Hestercombe Gallery, nr Taunton, Seminar, 12th February 2014, 1pm – 4.30pm
This was the 3rd of a series of seminars at this new Contemporary Art space in Somerset. It is complementary to the exhibition, ‘Second Site’, currently at the gallery that presents new work by 5 artists who have responded to the galleries reclaimed space through exploration of Hestercombe’s history and recent re-unification between the house and gardens.
Their work encapsulates a diverse range of media from drawing and sculpture, interventions to sound and film. The show not only relates to indoors and outdoor spaces, it also builds collaborations with others that work at Hestercombe and the surrounding areas.
Four of the artists featured in the exhibition where invited to talk about ‘The context of art’, relating to their works in the exhibition, followed by a talk by artist, Alex Chinneck, known for his large scale public installation in Covent Garden, London, last October.
Jo Lathwood, who has been artist in residence through out this year managed to talk quite clearly with regard to her work. She spoke about how it was made in response to the site- it was site- specific– and as such would not hold up at a different site, and some of the work would later only exist in the form of documentation. She referred to the materials– again coming from the site, and as with the copper cabling, referring to the historical links to the fire service, and pewter collected from volunteers who work in the house. She used these materials to make a bronze sculpture, ‘According to rules and legend’, pointing out that this piece could exist outside, but would always be about Hestercombe. She then highlighted some of the historical links that impacted on decisions she made about her work, like the oak gall works presented in apertures that relate to the big windows of the house, which a previous matriarch had forbidden her staff to look out off, along with larger works installed in the windows to effectively ‘black them out’. In a previous artist talk she had also spoken about finding a recipe for oak gall ink in documents relating to artist, Copleston Warre Bampfylde, who was a previous owner of the house. She had included using this in her experiments in making the ink.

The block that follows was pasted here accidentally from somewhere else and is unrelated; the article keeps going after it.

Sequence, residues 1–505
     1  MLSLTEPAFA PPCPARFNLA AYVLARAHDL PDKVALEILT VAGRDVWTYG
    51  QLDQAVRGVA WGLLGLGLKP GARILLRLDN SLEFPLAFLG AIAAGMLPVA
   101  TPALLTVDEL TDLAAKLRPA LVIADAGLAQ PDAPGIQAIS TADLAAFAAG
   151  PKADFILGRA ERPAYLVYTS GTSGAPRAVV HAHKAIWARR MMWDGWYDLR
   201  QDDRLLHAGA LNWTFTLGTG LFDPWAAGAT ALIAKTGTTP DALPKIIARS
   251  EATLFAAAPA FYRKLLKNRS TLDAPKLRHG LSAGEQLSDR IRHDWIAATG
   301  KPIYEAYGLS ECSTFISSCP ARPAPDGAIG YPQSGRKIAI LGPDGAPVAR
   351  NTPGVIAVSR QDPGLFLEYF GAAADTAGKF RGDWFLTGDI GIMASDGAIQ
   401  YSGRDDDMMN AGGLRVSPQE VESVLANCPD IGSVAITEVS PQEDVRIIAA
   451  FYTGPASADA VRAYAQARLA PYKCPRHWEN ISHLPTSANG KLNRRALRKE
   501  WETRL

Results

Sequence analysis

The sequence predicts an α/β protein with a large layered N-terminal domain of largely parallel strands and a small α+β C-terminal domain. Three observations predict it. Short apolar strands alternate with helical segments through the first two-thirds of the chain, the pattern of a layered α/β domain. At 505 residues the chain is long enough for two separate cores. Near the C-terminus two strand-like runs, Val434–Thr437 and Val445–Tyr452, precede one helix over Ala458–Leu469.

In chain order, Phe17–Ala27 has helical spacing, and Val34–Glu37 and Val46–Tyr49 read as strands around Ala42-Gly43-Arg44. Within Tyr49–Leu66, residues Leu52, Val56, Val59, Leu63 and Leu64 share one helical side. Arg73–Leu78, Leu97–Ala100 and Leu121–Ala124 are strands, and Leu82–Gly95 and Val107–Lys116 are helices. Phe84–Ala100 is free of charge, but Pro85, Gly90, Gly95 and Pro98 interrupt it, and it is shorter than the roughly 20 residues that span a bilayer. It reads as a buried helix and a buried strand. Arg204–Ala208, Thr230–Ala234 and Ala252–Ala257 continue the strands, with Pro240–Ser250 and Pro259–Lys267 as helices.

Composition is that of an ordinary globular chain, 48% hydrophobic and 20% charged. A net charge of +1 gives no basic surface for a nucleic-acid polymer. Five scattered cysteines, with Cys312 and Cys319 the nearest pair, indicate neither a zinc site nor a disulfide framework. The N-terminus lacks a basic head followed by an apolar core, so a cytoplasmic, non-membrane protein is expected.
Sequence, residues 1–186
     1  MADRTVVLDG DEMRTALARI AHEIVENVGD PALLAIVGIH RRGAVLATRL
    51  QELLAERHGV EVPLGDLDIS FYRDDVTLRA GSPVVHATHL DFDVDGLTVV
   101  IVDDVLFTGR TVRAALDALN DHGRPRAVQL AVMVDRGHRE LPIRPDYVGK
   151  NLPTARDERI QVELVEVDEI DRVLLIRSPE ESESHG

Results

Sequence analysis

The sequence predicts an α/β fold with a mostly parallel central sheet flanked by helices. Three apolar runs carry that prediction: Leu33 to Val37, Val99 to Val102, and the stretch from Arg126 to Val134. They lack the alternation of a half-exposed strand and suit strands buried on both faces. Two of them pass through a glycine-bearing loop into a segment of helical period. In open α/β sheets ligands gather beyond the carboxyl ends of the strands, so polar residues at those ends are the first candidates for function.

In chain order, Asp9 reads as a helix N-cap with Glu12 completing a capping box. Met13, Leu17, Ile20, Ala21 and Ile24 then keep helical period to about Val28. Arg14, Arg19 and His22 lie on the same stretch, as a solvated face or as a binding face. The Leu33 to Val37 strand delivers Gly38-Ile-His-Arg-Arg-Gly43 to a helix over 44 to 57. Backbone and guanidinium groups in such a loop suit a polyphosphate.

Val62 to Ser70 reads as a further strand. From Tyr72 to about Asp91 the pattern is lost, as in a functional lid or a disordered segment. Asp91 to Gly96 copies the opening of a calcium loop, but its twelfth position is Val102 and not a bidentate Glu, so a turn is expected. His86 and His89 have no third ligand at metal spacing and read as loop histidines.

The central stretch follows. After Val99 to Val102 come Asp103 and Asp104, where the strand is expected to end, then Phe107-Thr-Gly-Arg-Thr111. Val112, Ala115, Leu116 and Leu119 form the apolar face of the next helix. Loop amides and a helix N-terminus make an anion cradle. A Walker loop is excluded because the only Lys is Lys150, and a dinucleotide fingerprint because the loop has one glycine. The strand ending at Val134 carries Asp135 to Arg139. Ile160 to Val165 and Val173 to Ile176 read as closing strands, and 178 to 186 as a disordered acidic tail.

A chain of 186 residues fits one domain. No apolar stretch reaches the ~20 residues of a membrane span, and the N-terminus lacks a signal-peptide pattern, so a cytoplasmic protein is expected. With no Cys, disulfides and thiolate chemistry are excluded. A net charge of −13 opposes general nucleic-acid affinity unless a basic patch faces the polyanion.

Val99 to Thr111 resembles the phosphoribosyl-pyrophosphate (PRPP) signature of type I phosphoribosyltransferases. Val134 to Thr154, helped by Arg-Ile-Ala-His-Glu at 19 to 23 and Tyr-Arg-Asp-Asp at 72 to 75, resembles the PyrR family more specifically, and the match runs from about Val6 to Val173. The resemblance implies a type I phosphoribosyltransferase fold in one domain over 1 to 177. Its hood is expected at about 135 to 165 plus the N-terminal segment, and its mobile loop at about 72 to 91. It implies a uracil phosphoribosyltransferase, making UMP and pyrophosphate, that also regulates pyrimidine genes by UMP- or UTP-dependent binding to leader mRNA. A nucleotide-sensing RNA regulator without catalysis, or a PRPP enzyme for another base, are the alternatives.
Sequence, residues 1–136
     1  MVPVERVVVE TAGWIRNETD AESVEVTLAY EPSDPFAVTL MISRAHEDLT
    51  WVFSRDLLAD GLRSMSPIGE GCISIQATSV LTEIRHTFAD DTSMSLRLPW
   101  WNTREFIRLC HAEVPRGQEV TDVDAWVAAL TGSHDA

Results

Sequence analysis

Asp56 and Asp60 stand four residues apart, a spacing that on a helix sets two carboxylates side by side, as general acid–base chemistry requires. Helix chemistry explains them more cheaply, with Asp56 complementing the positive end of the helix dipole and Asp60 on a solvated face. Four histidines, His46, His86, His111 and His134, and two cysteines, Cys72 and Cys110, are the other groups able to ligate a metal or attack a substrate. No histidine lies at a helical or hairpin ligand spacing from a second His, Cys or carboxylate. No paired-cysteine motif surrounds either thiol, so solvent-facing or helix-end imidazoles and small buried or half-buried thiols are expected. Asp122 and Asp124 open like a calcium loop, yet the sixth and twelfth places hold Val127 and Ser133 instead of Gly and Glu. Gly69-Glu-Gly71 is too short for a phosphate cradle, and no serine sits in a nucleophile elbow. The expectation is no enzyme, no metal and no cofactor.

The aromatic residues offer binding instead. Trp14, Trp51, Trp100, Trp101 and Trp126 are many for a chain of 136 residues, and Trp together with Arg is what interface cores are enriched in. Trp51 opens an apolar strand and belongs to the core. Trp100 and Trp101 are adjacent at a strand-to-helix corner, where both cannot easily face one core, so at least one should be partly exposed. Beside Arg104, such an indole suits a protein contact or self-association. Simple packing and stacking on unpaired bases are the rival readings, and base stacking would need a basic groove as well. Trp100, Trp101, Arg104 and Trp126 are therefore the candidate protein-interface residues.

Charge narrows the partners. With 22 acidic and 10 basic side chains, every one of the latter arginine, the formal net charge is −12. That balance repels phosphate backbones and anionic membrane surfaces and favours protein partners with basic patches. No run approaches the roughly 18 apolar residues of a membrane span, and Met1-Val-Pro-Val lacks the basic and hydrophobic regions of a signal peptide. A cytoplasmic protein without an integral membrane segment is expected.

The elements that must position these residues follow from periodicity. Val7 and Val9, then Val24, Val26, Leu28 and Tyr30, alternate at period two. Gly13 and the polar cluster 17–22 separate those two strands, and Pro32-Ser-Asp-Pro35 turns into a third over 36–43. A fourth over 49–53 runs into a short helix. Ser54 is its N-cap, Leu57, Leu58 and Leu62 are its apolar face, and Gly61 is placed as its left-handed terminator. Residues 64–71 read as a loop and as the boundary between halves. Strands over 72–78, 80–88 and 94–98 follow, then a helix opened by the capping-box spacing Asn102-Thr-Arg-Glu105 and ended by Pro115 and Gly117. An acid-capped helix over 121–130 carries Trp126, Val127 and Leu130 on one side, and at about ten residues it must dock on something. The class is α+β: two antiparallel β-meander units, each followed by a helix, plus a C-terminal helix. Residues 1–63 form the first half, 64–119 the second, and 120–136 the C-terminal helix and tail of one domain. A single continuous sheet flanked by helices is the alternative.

Patrick Lowry, normally makes work around contemporary issues, but felt able to make work as the house still retains a lot of physical evidence of the houses history. He spoke about this aspect of works being site specific and described how being asked to re-show a work made for one location, in a different place, had made him feel uncomfortable. He had to justify to himself that it was OK, by re-working the piece so that it did make links with the new location. His work took some garden architecture, a fountain, and made a scaled replica and brought it inside. With this he had taken an archadian landscape painting by Bampfylde and represented it as a 3 dimensional tableau on the upper tier of the fountain.
Megan Calvers work seems to make links between aspects of the houses history and current use that at times seemed a bit tenuous and obscure. She has worked with groups of people that currently use the space- a youth music group and flower arranging society, and has made work that has evolved through these collaborations.